The competition has two phases. For the first phase of the competition, teams were awarded a $10,000 grant to develop their idea. In April 2009, the team took to the design to the National Sustainable Design Expo in Washington DC to compete for the P3 Award and a grant of $75,000 to take their design to real world application.


Alma & Hal Reagan Scholarship, Scholarship


Bullock & Smith Partners International Fellowship, Scholarship


Tau Sigma Delta Architectural Honors Society, Nomination





For some mountain people, this to just became a tradition. Every spring you redid the walls and ceilings with fresh newspaper.

-Shelby Lee Adams

In the twenty-first century, as it has been for a hundred years, the region continues to be laden with mythology, subjected to recurring debate, and held up as one of America’s enduring social and economic problems. Beginning in the late nineteenth century, novelists, educators, and big-city journalists created a dominant image of the central Appalachians as a hinterland populated by backward people left behind, more or less suspended in time as the rest of America modernized and prospered.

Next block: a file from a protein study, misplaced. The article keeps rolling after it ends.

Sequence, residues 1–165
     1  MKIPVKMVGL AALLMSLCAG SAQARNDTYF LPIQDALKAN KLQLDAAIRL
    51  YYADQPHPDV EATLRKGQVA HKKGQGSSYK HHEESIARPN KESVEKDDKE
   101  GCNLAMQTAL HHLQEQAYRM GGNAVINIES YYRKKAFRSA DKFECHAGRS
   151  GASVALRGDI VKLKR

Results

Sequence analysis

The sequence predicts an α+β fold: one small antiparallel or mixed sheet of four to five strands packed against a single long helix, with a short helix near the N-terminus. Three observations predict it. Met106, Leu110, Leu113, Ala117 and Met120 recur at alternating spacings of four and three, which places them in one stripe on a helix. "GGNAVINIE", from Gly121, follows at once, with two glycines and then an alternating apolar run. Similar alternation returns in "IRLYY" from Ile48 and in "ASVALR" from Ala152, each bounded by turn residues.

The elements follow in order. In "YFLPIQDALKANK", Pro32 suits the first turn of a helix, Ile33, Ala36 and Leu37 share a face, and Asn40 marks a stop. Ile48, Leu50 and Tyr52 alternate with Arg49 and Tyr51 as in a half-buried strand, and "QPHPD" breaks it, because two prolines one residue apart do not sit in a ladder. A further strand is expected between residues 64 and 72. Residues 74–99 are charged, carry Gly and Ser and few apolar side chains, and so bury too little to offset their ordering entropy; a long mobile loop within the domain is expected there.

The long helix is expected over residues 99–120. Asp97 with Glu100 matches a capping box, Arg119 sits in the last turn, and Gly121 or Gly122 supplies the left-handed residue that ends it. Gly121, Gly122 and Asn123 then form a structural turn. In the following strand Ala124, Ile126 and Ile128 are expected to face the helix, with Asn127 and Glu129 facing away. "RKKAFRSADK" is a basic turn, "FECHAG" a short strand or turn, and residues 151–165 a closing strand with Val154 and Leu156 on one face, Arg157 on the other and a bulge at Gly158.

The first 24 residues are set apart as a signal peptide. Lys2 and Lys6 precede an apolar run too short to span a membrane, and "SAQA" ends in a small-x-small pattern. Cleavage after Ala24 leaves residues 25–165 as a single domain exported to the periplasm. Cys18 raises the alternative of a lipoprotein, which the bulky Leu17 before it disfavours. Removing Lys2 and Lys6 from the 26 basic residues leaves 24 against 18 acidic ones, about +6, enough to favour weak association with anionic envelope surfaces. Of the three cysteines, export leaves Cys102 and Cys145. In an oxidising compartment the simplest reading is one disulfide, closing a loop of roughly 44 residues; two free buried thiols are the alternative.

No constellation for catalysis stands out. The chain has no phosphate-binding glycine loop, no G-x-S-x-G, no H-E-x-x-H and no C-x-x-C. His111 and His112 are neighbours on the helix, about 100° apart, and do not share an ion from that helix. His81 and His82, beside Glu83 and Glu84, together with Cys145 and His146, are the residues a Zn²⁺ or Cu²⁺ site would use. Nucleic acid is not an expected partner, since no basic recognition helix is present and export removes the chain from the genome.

-Encyclopedia of Appalachia

The photographs of Shelby Lee Adams captured a truly profound image. It is easy to be distracted by the personalities of the Napier Family in the photo as Appalachian people can seem so estranged to those who have never engaged with that type of people. The rugged family sits in a living room in the typical portrait style in which Adams recorded so many rural families with. However, it is not the personalities in the foreground that make the photograph so interesting. In the background, one notices that the walls are covered in Newspaper. What is actually a common practice in the area is quite ironic. Appalachia has isolated itself from its surrounding environments so

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much that the greatest role of mass media toward Appalachia has been to understand its people. However, the people of Appalachia have continually succeeded in separating themselves from the mass media altogether. As the Napier’s sit in their living room at night in conversation, they have surrounded themselves completely with one of history’s greatest tools of communication.